The chief of the Air Force’s Sexual Assault Prevention and Response branch was relieved of his duties after being arrested last weekend on charges of sexually assaulting a woman in a Virginia parking lot. It was the latest in a series of embarrassments for the service related to sexual assaults, and came only days after the Air Force concluded its April observance of Sexual Assault Awareness Month.
The arrest and charging of Lt. Col. Jeffrey Krusinski, 41, of Arlington, Va., for sexual battery prompted Air Force officials to relieve him of his post “pending the outcome of the case,” Lt. Col. Laurel Tingley, an Air Force spokeswoman, said Monday. Arlington County police said they arrested Krusinski after an incident at 12:35 a.m. May 5 in Crystal City, not far from the Pentagon.
“A drunken male subject approached a female victim in a parking lot and grabbed her breasts and buttocks,” the police report of the incident said. “The victim fought the suspect off as he attempted to touch her again and alerted police.”
Krusinski was released later in the day after posting a $5,000 unsecured bond, Arlington County police spokesman Dustin Sternbeck said Monday. A picture taken by police after his arrest portrayed facial injuries. Efforts to reach him on Monday to obtain his comment were unsuccessful.
Secretary of Defense Chuck Hagel’s spokesman tweeted on Tuesday morning that Hagel was “outraged, disgusted over arrest of Air Force sexual assault prevention chief on charges of sexual battery.”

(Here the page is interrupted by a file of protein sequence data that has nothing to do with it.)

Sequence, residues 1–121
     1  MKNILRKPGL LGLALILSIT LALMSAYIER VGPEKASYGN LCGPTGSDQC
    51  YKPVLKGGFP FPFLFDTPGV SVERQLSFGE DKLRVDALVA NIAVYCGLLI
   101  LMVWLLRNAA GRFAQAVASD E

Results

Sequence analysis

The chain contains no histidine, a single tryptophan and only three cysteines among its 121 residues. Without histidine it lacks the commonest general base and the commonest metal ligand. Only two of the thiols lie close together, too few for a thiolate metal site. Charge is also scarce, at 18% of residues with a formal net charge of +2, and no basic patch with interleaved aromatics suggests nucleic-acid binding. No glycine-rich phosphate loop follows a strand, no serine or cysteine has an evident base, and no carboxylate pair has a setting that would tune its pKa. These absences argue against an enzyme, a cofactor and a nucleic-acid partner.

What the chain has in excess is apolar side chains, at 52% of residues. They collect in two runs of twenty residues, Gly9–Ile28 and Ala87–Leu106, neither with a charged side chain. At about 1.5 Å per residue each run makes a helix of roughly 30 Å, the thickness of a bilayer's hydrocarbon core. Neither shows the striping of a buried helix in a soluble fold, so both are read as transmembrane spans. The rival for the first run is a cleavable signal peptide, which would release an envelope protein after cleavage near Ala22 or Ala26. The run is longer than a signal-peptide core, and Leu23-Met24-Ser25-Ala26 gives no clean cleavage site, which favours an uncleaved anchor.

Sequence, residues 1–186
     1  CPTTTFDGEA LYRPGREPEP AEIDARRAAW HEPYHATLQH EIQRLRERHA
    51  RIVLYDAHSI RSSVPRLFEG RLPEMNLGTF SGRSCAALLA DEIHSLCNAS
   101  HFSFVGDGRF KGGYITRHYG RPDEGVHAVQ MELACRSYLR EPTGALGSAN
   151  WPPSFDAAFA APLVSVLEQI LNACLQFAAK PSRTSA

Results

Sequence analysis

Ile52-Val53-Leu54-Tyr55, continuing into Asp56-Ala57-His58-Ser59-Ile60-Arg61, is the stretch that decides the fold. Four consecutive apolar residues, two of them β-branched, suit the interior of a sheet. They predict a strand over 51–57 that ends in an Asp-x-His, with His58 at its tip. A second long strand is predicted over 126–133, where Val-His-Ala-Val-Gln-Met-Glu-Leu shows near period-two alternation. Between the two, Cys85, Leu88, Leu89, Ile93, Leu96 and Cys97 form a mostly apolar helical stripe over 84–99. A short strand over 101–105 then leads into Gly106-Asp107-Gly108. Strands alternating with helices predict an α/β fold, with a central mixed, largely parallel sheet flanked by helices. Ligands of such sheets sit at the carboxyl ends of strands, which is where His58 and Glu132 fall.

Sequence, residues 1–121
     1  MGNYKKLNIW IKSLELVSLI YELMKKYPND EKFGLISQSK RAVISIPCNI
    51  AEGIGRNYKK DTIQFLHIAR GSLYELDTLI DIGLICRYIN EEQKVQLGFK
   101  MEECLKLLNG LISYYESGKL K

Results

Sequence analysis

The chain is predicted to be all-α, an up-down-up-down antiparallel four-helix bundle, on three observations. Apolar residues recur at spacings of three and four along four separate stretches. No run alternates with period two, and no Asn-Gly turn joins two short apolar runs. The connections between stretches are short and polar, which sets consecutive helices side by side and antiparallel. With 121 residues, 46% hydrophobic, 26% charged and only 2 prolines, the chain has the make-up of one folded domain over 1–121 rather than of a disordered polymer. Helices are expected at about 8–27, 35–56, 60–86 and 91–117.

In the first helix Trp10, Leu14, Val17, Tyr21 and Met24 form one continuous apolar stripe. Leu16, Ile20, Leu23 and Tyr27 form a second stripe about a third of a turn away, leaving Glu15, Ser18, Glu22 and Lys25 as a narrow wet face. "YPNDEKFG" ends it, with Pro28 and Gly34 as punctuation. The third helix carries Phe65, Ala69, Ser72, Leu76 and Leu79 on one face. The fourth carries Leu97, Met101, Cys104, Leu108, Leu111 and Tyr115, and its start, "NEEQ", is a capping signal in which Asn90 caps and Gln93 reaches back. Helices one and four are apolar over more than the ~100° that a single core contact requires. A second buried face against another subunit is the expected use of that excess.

The arrest followed other incidents that have brought unwanted publicity to the Air Force over sexual assaults and the steps taken by the service to stop it. Congress recently held hearings over how the Air Force reacted when a sexual assault victim came forward two years ago with allegations of misconduct at its Lackland training headquarters near San Antonio, Texas. Instructors were found to have sexually harassed, improperly touched or raped dozens of young female recruits and airmen in what has been called the biggest U.S. military sexual assault scandal in years.
At a House hearing in January, Air Force Chief of Staff Gen. Mark Welsh III called what happened at Lackland “stunning” with “no justifiable explanation.”
Then on Feb. 26, Air Force Lt. Gen. Craig Franklin sparked controversy by overturning a lieutenant colonel’s conviction by courts martial of aggravated sexual assault of a civilian contractor near Aviano Air Base in Italy. Members of Congress angrily criticized the three-star general’s action and called for changes in the Uniform Code of Military Justice, which allows a commanding officer “the absolute power to disapprove the findings . . . and sentences” stemming from a military court proceeding. The case also prompted a Senate Armed Services Committee hearing in March on sexual assaults in the military.
Responding to lawmakers, Defense Secretary Chuck Hagel urged Congress last month to eliminate a commander’s power to overturn a court martial, except for certain minor offenses, and require a written explanation for any adjustments in sentences.
At the January hearing, General Welsh said the Air Force had received nearly 800 reports of sexual assault last year – a nearly 30 percent increase over the previous year – even as it worked to curb misconduct.
“The Air Force goal for sexual assault is not simply to lower the number. The goal is zero,” he said. “It’s the only acceptable objective. The impact on every victim, their family, their friends [and] the other people in their unit is heart-wrenching, and attacking this cancer is a full-time job, and we are giving it our full attention.”
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